Regarding my own practice. We can’t use rituximab in the UK; the NHS won’t pay for it and are unlikely to pay for ocrelizumab either. NICE will assess the cost-effectiveness of ocrelizumab based on its price for relapsing-forms of MS and in PPMS ocrelizumab will be compared to best-supportive care. The latter means ocrelizumab is unlikely to pass the NICE cost-effectiveness threshold. I am hoping that Roche, who will be marketing ocrelizumab in Europe, approach NICE and the NHS to discuss differential pricing and to offer ocrelizumab at a cheaper price for patients with PPMS. Differential pricing is a ‘hot potatoe’ and I am not sure the NHS is ready for it; but I live in hope for my patients. 

Please note ocrelizumab has yet to be licensed in Europe and we can’t assume its license will be the same as the US. 

At present we offer our patients with active PPMS off-label cladribine, a relatively cheap B-cell depleting agent. Like all DMTs it is a choice and not all patients take-up the offer. I am also aware that in the US a large number of neurologists are still using low-dose methotrexate in PPMS. 

I am not sure we have enough data on B-cell depletion in PPMS to make a call on whether it is benign or non-benign. Hopefully, good quality safety data will emerge from post-marketing surveillance studies. I suspect as with all immunosuppressive therapies it won’t be benign. I would recommend telling all your patients about infusion reactions, the herpetic infection risk, the possible malignancy risk and the likelihood that in time they may develop hypogammaglobulinaemia and need Ig-replacement therapy. Please note we have a large amount of clinical experience in children with agammaglobulineamia and these kids do well long-term, as long as we keep the Ig levels normal.

I am not sure you are correct in suggesting that we are recommending ocrelizumab for all-comers. The trial population defines the group we are advocating its use in. I am surprised the FDA did not include the CSF findings in the label. If I was a regulator I would state that CSF-ve PPMS should not be treated with ocrelizumab.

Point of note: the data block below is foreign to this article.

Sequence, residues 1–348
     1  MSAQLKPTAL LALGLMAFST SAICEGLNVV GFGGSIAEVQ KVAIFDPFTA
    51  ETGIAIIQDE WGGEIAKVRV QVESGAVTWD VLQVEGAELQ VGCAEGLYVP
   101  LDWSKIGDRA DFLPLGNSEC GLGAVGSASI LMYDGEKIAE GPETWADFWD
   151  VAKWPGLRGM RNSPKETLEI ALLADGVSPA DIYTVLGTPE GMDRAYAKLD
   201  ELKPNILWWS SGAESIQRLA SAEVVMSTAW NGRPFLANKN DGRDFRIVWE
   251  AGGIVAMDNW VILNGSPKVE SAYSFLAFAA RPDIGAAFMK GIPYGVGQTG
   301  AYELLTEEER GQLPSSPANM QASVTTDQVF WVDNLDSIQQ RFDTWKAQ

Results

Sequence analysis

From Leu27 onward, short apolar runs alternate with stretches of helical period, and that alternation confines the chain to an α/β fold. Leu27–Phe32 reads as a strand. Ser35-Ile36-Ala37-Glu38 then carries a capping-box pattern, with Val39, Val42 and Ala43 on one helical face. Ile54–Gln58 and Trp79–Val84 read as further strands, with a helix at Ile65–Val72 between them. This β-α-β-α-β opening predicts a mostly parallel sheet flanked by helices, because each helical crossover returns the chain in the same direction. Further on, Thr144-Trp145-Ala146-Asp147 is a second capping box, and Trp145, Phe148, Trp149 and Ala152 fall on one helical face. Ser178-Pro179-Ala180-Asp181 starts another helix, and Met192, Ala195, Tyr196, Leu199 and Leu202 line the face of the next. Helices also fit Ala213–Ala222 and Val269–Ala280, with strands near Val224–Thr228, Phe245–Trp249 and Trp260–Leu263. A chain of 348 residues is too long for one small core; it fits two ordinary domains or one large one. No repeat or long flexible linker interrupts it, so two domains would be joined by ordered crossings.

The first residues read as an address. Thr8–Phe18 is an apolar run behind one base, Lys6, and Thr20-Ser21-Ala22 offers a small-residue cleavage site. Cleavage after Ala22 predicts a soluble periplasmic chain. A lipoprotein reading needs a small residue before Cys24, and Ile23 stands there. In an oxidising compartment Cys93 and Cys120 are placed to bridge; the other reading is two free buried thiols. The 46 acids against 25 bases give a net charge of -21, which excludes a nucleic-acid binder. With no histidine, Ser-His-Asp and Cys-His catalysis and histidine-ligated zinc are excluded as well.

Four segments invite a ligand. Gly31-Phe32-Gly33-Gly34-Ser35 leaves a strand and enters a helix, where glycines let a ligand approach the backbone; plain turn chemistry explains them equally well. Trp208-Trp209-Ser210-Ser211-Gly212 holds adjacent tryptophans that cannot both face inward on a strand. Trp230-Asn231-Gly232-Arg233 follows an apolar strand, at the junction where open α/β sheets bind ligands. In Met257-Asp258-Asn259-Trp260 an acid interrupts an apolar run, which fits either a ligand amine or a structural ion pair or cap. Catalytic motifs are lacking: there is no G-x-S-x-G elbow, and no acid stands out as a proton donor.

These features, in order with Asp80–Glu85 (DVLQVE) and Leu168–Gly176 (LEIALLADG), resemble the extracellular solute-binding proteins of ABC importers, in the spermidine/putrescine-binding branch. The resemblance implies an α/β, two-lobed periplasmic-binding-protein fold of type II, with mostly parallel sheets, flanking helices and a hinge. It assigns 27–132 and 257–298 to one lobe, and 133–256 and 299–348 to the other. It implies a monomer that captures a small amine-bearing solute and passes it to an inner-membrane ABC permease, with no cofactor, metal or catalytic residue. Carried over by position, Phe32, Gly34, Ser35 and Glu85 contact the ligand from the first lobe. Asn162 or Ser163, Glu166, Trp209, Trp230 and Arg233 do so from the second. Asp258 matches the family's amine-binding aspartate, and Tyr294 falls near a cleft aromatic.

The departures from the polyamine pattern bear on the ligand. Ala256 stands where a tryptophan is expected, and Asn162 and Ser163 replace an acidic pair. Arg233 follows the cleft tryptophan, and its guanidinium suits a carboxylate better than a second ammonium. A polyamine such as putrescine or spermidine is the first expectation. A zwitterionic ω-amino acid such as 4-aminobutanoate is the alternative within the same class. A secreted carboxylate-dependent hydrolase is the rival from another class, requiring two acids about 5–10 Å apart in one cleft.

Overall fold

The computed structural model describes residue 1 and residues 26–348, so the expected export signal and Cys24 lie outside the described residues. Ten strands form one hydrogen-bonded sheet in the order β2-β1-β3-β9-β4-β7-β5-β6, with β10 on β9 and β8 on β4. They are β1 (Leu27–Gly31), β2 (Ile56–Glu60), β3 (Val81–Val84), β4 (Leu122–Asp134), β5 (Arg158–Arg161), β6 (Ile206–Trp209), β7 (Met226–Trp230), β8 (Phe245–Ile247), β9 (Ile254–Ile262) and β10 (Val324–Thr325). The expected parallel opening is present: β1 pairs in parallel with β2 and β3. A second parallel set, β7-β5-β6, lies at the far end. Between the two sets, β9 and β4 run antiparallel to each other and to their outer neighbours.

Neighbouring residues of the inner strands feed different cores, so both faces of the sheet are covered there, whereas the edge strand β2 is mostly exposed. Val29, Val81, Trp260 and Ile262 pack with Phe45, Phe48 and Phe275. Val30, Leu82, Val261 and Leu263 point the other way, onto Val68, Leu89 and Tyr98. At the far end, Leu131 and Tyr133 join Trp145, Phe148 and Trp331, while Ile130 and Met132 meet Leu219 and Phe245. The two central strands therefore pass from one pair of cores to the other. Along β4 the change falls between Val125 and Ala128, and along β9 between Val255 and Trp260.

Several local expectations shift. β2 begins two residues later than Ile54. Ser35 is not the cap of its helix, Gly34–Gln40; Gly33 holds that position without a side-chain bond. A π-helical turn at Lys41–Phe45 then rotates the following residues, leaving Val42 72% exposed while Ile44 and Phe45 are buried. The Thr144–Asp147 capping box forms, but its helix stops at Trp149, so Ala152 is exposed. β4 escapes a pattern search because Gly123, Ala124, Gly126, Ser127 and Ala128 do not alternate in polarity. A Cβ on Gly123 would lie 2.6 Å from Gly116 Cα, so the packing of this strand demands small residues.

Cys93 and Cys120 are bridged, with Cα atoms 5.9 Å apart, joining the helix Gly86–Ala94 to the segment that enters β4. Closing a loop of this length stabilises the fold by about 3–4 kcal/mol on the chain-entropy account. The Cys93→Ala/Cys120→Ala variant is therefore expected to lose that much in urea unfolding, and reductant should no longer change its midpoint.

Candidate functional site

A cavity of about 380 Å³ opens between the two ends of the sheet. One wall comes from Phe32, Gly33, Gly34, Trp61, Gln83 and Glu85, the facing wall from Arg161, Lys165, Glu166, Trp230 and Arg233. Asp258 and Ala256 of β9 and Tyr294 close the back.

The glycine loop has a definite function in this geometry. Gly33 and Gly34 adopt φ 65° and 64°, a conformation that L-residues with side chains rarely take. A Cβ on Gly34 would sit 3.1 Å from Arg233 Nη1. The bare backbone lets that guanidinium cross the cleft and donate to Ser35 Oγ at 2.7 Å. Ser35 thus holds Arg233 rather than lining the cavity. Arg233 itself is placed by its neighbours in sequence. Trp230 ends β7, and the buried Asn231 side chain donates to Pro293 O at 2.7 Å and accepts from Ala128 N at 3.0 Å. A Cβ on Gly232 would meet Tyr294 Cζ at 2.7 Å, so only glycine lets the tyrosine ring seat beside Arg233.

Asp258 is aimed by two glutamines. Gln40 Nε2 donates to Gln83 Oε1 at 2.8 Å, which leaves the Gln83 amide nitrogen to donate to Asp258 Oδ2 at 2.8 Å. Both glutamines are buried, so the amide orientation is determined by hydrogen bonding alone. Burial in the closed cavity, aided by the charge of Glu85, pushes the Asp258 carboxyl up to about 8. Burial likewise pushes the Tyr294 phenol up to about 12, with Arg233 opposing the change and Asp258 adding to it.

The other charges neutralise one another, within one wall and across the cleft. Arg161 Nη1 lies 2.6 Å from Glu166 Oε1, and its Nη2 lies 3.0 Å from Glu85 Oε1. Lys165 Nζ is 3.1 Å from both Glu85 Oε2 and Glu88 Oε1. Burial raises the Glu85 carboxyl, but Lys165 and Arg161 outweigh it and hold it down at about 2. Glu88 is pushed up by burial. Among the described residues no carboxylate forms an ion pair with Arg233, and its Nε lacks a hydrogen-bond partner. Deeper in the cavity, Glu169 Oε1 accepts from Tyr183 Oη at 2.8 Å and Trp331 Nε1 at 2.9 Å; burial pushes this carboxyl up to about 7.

Regarding discussion in the NEJM paper; the editors of the NEJM essentially cull all speculative discussion and limit the discussion to issues in the trial. NEJM editors are renowned for rewriting submitted papers to keep them consistent for style. The NEJM article is not the forum for the kind of discussion you want to have. I suggest we have this discussion on the blog.

His/her response: 

‘Thanks for your prompt and thoughtful response. It was very helpful. When do you think we’ll be able to see the age cutoffs for the study? Given that the average age for the study was 45 (and for OLYMPUS it was much higher—about 50), there should be enough patients who entered the study between 50 and 55, to know whether the relatively small treatment effect in the whole group was made up primarily of those under 50. I would certainly like for my older PPMS patients to avoid the potential adverse effects of this drug if there is no clear benefit for this group. 

I agree with you about MS being one disease( except possibly for unusual outliers, like the NMO story). So, wouldn’t you expect B cell depletion to work for the younger, more active SPMS patients, too?’

My second response:

There are numerous post-hoc subgroup analyses that are ongoing. I will ask the trial team to include your question about age on the list.